The Center for Governmental Studies had issued a press release even before Ethics met in July pointing to several options that Albuquerque, New Mexico might find sustainable in the wake of the Court’s decision. By last week, those options were fleshed out further. New York’s Brennan Center for Justice issued a list of remedies that became part of a study by the State of Maine’s Clean Elections body.
In July, Maine undertook the steps that San Francisco rejected – pulling together those most knowledgeable about the law, about the court decision, and writing a report with recommendation. Last week they delivered their report ahead of schedule for specific recommendations to the state legislature.
Steven Hill, whose work on San Francisco’s law was seminal, drafted potential avenues to preserve the intent of the law while meeting the court’s test even though he is working on special assignment in Romania.
San Francisco’s Board took up the Ethics Commission proposal endorsed by downtown interests — a “winner take all” for the opponents of public financing.
Elsbernd Smokescreen Obscures Factual Review
Elsbernd and Farrell’s claim that the city could face hundreds of thousands of dollars in legal fees defending the city’s law, only to ultimately lose, was more than a canard. It was a false trail.
No member of the Board or any supporters of the city’s law proposed defending the current law. At most, it would be an issue of defeating a motion for an injunction imposed before the election five weeks away. The cost to the city would be minimal compared to defending the law itself.
Second, any suit to be filed against the San Francisco law likely would come from the Sutton Law Firm that already notified the Ethics Commission that it has a legal argument against the city’s law.
This is the same law firm that served as the treasurer for the City College Bond Committee whose officers pled guilty to felonies last week over money laundering. The Sutton Firm, which also serves as the campaign legal counsel to District Attorney George Gascon, was not brought into the prosecution.
The Sutton Law Firm also holds the record for the highest fines ever levied in San Francisco for violating the city’s ethics laws, which took place when they failed to disclose contributions by PG&E in a ballot battle over public power. In that case, the Sutton Firm itself had to pay hundreds of thousands of dollars for its role.
The Sutton Law Firm also was at the center of the controversy over the Gavin Newsom 2003 Inaugural Committee expenses which appeared to be earmarked to illegally pay campaign costs. That incident resulted in a James Madison Award for Oliver Luby and Kevin Liban for their refusal to destroy the emails from the Sutton Law Firm that appeared to outline such a scheme. The Firm claimed it was all a mistake.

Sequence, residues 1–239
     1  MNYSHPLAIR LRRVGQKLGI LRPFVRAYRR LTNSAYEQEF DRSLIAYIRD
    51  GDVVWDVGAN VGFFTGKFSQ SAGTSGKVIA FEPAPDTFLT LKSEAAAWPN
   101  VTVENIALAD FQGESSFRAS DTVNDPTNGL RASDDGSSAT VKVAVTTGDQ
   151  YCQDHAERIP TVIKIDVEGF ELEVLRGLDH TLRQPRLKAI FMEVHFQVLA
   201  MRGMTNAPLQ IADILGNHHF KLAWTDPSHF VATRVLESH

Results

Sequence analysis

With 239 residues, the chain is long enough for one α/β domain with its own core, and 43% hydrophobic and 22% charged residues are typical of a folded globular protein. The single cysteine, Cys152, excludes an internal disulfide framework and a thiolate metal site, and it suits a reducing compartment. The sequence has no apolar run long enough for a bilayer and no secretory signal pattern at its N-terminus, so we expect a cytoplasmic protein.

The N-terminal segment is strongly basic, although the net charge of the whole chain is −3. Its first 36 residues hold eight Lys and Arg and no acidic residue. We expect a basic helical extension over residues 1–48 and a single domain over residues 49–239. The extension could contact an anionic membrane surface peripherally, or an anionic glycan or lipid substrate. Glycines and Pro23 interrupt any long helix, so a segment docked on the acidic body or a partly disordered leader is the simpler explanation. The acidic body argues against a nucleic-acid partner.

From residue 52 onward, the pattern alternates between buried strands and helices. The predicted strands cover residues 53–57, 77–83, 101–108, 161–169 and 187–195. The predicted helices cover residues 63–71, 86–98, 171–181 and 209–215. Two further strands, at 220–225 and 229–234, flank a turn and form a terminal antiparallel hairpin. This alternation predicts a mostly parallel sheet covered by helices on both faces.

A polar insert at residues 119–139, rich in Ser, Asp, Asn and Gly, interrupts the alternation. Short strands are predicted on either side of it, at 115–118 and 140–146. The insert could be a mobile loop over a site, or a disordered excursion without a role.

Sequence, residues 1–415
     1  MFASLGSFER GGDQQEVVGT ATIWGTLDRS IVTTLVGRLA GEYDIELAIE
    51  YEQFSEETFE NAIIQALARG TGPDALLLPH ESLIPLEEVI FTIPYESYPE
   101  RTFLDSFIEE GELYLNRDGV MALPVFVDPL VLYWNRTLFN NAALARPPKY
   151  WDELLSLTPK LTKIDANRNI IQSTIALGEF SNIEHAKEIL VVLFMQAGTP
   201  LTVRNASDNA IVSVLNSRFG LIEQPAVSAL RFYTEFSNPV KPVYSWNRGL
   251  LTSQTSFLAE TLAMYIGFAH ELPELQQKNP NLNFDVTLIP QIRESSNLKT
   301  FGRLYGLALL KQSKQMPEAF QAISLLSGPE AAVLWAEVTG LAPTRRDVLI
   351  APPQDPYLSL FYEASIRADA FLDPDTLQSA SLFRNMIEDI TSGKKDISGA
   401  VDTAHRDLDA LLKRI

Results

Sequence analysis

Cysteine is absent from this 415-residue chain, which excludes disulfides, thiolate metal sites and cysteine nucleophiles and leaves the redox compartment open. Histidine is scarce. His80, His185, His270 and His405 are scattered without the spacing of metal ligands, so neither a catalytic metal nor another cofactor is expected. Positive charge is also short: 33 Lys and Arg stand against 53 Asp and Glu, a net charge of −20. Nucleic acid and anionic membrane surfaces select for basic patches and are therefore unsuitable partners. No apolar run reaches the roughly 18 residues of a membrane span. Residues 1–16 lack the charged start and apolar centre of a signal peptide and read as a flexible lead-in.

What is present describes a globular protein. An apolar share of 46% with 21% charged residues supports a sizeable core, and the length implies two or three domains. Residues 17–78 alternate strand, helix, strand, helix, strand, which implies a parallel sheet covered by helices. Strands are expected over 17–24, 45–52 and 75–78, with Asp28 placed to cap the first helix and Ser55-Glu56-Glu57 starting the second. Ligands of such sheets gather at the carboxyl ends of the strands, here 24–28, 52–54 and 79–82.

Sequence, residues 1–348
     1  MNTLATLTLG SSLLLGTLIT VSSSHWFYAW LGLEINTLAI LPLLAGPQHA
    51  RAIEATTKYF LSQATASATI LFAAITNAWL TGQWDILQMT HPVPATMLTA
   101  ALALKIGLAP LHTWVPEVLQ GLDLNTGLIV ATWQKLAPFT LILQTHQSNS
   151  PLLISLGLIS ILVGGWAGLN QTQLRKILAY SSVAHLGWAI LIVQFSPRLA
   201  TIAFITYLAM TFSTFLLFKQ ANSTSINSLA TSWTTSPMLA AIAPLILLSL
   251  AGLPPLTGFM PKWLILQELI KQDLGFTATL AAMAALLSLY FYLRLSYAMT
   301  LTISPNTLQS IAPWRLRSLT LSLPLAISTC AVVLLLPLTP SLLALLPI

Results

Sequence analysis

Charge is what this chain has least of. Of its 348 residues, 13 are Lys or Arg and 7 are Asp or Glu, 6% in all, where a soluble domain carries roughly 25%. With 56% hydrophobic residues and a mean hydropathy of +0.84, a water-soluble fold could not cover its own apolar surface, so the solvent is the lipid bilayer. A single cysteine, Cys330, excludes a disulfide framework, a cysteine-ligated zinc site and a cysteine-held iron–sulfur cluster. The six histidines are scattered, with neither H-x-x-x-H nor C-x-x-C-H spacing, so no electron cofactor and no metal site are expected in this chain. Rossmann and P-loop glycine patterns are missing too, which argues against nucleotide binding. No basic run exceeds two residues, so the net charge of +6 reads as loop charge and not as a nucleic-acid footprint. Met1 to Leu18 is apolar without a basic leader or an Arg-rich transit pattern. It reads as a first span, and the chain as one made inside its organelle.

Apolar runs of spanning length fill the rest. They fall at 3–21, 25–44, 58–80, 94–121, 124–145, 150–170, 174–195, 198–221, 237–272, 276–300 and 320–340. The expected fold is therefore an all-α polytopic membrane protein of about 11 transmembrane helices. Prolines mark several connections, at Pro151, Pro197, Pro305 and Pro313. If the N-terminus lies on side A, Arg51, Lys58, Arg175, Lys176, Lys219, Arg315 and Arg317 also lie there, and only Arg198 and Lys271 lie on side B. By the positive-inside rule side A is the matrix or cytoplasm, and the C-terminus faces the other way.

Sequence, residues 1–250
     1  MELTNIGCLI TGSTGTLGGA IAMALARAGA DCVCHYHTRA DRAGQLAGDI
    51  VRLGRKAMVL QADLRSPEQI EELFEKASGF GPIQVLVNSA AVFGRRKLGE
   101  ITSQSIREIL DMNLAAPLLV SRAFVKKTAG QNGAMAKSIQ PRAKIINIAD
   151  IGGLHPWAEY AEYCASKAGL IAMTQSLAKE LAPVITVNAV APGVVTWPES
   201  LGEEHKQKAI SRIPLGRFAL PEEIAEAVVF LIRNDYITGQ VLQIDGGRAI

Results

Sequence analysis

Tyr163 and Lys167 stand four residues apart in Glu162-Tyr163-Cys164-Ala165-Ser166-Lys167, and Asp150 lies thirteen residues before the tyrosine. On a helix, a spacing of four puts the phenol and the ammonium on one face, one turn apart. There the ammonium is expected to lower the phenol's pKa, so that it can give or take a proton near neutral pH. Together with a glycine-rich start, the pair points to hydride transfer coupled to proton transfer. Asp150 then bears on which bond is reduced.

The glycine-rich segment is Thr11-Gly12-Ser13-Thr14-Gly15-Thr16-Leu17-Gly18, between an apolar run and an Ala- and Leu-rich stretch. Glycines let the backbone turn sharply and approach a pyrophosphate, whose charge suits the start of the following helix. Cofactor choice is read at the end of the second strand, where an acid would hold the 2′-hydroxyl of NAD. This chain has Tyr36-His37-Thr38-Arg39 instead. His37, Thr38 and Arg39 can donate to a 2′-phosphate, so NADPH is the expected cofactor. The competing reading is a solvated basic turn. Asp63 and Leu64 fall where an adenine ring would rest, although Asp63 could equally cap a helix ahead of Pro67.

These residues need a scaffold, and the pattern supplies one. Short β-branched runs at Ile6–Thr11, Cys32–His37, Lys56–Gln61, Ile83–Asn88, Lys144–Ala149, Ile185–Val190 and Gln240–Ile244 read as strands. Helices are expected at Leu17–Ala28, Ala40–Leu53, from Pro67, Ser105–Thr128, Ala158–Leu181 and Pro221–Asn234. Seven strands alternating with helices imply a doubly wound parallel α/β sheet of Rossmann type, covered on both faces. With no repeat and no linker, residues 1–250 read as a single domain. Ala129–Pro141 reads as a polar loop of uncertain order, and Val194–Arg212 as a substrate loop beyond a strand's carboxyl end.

This does not make the Sutton Law Firm incompetent, which it is not, but it is a record of seeking to push the envelope beyond what is always legally defensible.
Currently the firm is involved in a number of San Francisco political contests, including as the attorney for some of those that testified at the Ethics Commission. In an awkward footnote, the Sutton Law Firm also is the attorney for the Leland Yee Mayoral effort. It also served as the campaign attorney for Supervisor Sean Elsbernd.
At Tuesday’s Board meeting, Elsbernd’s effort will fail if it cannot muster eight votes. The most likely to vote against the measure are Supervisors David Campos, Eric Mar, John Avalos in a switch from last week, and either Jane Kim and/or Ross Mirkarimi, who missed last week’s vote and who Elsbernd hopes to convince to vote with him.
This Tuesday’s Board Meeting
The likely opponents to Elsbernd’s measure have signaled they want an alternative. Maine’s preferred alternative is being reviewed by some supervisors, and the original advocates for public finance are drafting options that they believe would meet the court’s test but still keep faith with the law’s intent.
Even if one of the alternatives could win eight votes, it could not immediately take effect. The Board was told that any change in the current proposal would have to return to Ethics for its vote, where it would again require at least four of five commissioners to support it. The suggestion was made that the Board and the Ethics Commission could act simultaneously.
The failure of the Ethics Commission to provide the due diligence required for such a significant issue could well serve as the explanation for returning the measure for the kind of in-depth study and public outreach that has taken place elsewhere.
Most Board members who spoke on the issue acknowledged that whatever happens now, the entire issue of the city’s campaign finance law needs to be revisited and likely revised. Unless the Board plans to go through an extensive outreach and public hearing process to write their own law, the city’s Ethics Commission will have to take the lead.
The entire issue has suddenly emerged as a flashpoint in the city’s politics, largely due to the strengthened hand of a coalition of groups intent on using millions of dollars to secure influence for the next four years. Whether supervisors vote for their favored approach, as carried by Elsbernd or take another direction will influence both how money is spent now and how individual supervisors fare with the voters.